Last September, Ev Williams gave a speech about some of the mistakes he made as CEO of Odeo.
Since then, a lot has happened. We turned out to totally wrong about one thing: “So what’s he doing to fix these mistakes? Not refunding the VCs their investment, that’s for sure.” That’s exactly what Williams did just a month later , refunding his VCs and angels their $5 million stake.
Williams’ fortunes have changed radically since then, as Obvious Corp, which he formed to buy Odeo, has also developed the smash hit web product of the season, a casual blogging tool called Twitter.
Williams said he created Obvious to pioneer “a new model for building and running web products,” one that uses cheap and rapid development to test an idea before turning it into a company. So far, it appears to be working.
This week, Williams indulged us by reviewing the list of Odeo-screwups we covered last fall and, importantly, shared with us what he’s doing differently this time at Twitter.
Mistake #1: “Trying to build too much”
Retake: Where Odeo had a mess of products, Twitter is singularly focused on the short-form shout-out. Tell your friends what it is that you’re doing in 140 characters or less. The thrift and simplicity of Twitter posts are comparable to the site, which simply takes the messages from SMS, IM, web form, or third-party application and sends them back out. Says Williams via email, “ It does very little. (In a good way.)”
Mistake # 2: We weren’t the target users of our product
Remake: The makers of Odeo weren’t podcasters and didn’t listen to many podcasts themselves, so they lacked intuition for their users’ needs. Twitter is the opposite, according to Williams, because it’s a product his team uses and loves. “[Obvious employee] Jack Dorsey introduced the idea of Twitter to us, because he’d been wanting it for a long time. We built a prototype and started using it internally and, based on that, decided to invest further.”
Mistake # 3: “Not adjusting fast enough”
Remake: Odeo couldn’t compete when Apple introduced a competitor, but Twitter has tried to be more agile. Rather than stay bound to long-term strategic visions, Twitter has made many adjustments to its product over the last several months, aiding its astronomical growth this March.
Says Williams, “We didn’t have the formula right for Twitter at first. We liked the app, but for the first few months, it wasn’t clicking with users. We changed the positioning, the relationship model, and other things until it started working. I think we could have been faster, but we got there. Now we’re trying to adjust to the scaling requirements.”
Mistake # 4: “Raising too much money too early”
Remake: Williams’ new theory is “Some things are perfectly worthwhile but don’t need to be a company” in the “hits-driven” consumer web business , where anything less than a 45-degree trend on the growth chart considered flat-lining. Due to the pressure of responsibility to its funders, Odeo had to be a company before it had proved it was a successful product. Twitter hasn’t raised any outside funding yet, though Williams says “It’s likely we’ll need to before long, but we’re past the point where I think it would be too early.”
Mistake # 5: “Not listening to my gut”
Remake: Williams says, “This has a lot to do with who I’m working with, what we’re working on, raising money, etc. Safe to say, we’re doing better in all departments.”
9 thoughts on “Do as I say, not as I did”
Mistake #2 is really the one to avoid, although it goes hand-in-hand with #5. I’ve had that nagging feeling in past ventures that I’d be a skeptical buyer, and it’s hard to recover from that position.}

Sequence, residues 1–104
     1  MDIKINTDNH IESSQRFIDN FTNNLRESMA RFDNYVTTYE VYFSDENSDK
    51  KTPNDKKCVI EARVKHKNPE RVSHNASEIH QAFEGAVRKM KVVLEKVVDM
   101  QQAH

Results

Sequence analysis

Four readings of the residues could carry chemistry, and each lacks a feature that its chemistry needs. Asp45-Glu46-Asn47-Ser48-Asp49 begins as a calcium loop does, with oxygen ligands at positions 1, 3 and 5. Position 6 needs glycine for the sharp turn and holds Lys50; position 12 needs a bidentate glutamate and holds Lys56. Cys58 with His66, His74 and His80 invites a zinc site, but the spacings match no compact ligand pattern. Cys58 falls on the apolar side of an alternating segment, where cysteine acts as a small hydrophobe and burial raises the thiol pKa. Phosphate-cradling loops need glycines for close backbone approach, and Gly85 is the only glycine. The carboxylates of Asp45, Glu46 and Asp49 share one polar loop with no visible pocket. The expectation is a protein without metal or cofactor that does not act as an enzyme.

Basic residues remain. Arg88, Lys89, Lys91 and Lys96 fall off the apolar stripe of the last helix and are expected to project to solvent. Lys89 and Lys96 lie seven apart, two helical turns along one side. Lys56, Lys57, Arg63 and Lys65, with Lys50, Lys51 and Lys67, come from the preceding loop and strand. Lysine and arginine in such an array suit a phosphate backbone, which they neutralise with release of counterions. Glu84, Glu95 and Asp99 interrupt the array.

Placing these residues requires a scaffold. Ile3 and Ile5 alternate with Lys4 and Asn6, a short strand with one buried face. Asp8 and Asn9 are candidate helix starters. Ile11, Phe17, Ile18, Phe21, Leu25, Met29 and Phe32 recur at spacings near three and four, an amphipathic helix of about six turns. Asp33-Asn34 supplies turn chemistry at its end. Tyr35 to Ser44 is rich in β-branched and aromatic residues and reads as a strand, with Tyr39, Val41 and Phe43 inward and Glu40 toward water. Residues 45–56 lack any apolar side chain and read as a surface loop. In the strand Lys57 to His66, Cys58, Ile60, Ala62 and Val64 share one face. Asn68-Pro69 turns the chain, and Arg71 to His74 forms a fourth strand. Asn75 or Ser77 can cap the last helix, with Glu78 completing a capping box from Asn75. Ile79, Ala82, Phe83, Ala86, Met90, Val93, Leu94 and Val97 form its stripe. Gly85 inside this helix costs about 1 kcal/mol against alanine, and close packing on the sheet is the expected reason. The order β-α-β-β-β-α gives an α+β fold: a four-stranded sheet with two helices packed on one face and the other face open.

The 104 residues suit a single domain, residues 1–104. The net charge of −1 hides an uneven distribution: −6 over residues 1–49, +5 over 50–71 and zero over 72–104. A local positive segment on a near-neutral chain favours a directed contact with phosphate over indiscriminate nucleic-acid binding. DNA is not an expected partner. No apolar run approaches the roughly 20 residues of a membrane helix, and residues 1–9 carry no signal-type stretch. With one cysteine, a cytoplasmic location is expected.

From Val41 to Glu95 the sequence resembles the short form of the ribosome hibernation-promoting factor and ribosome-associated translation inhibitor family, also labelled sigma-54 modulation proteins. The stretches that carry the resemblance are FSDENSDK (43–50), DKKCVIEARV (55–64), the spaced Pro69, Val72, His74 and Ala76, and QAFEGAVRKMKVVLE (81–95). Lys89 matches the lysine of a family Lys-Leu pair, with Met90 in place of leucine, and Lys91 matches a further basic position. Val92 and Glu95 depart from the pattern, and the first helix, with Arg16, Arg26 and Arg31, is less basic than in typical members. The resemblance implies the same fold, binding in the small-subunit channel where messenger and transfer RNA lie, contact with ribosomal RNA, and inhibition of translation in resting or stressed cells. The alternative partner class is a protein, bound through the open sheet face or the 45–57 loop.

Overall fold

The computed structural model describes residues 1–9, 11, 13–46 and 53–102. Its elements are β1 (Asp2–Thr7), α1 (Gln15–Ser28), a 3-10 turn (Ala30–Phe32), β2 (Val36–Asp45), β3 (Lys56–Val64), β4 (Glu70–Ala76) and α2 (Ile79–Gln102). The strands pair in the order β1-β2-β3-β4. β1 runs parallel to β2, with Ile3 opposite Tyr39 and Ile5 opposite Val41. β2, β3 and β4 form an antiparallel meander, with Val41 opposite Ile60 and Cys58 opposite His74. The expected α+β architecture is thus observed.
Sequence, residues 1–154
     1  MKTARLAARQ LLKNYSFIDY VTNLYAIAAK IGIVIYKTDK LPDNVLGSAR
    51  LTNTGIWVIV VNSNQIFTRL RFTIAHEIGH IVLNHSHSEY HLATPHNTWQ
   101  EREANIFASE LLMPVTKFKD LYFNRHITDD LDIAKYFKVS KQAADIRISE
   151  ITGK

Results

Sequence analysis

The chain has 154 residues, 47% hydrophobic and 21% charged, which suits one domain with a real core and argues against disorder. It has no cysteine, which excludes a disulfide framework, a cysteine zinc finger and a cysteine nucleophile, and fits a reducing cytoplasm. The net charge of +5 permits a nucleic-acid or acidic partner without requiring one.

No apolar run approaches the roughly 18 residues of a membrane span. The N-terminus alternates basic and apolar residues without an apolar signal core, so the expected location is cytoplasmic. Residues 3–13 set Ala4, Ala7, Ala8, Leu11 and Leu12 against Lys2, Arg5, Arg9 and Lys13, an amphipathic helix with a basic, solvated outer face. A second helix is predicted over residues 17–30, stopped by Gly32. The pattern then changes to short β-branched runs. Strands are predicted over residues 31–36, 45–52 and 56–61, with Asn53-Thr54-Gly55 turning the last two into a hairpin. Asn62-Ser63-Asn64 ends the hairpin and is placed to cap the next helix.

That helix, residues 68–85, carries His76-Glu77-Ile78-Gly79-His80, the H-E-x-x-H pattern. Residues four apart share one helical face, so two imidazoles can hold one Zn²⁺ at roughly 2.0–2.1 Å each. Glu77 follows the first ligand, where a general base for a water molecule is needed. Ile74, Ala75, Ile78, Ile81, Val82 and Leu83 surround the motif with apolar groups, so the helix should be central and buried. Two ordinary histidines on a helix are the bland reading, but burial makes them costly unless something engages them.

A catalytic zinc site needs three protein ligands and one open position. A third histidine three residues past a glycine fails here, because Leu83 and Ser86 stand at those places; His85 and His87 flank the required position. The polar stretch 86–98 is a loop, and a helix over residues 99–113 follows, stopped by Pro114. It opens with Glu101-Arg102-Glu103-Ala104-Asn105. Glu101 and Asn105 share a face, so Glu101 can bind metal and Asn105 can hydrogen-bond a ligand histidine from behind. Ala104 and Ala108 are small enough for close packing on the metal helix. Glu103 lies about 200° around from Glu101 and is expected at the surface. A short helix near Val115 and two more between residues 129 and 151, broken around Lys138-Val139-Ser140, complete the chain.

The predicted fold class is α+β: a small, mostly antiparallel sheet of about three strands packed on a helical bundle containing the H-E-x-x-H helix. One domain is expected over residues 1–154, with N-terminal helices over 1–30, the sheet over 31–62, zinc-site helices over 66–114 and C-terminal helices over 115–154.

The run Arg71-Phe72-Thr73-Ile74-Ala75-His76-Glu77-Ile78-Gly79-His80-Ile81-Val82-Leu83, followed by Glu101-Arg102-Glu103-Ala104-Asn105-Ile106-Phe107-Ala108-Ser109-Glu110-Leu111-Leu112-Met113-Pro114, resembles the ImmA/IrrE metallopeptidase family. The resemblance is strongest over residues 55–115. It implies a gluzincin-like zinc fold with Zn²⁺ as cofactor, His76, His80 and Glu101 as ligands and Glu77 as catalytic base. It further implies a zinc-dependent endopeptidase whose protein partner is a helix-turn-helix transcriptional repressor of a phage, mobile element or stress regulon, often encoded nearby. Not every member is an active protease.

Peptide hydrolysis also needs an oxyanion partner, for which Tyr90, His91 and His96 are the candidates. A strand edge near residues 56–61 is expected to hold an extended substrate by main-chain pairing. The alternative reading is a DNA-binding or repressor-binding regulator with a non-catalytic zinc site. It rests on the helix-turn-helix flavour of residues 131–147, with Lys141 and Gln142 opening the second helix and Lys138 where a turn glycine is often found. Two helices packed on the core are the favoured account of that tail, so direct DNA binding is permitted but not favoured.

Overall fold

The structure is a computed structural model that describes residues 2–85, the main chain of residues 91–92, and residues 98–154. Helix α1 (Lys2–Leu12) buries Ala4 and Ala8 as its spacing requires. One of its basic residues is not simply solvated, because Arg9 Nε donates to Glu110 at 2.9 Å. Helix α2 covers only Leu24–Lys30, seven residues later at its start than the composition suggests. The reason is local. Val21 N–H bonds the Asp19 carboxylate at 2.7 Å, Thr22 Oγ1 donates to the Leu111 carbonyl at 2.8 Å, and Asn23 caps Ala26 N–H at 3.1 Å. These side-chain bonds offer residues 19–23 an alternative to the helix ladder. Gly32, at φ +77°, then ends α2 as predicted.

Mistake #2 is a pretty big one to avoid.
If you aren’t a target user, you’ll need to hire people who are. This increases cost, decreases your ability to advise, strategize, and manage the business and development effort, and also means you can’t effectively employ an organic, fluidly moving product development method.
By this, I mean that many products are created by teams of 1-2 people who are developing constantly on the fly and on instinct. They modify, tweak, add and delete from the product as they are developing. No product plans. No schedule. Just instinct. It’s the fastest way to getting to first release of a cool product. You add people, you slow down, increase discussion and arguing time, and increase the risk of a competitor trouncing you with faster development.}
I always listen to my gut. Always. It never fails. Great article! I agree on raising too much. Agility is the #1 thing, in my opinion, to surviving internet business.}
I agree with Patricia. Go with your gut. In software use rapid development, test, revise cycles.
Avoid scope creep. Do lots of mini-upgrades. It is better customer service & gives you a relevant message to engage your users in a conversation around.
Keep your product roadmap fluid. Don’t let your developers take things to the 95% stage then move on. I always picture Steve Jobs insisting on perfect aesthetic design (my gut says the iPhone still needs work).
There are lots of mistakes you can make in business. What is your value innovation? Aim for ones where you have no competitors and are able to effectively capture its value. What is your sales + marketing plan?
Only then do things like managing development come in to play. As for VC, either they believe or they don’t. If you overwhelm them with product info, assume they’ll say no.}
wow, is this a gem of an article.. thanks so much!
Though the article touches on this, I think it is really important to emphasize the K.I.S.S principle. One always needs to remind him/herself that users are somewhat lazy (no offence, I am too) and want to avoid any learning curve so the less the input, the less the buttons to hit, the better the overall product and the more the happy users.
It is something that you really understand fully as you go through the process yourselves I guess :)}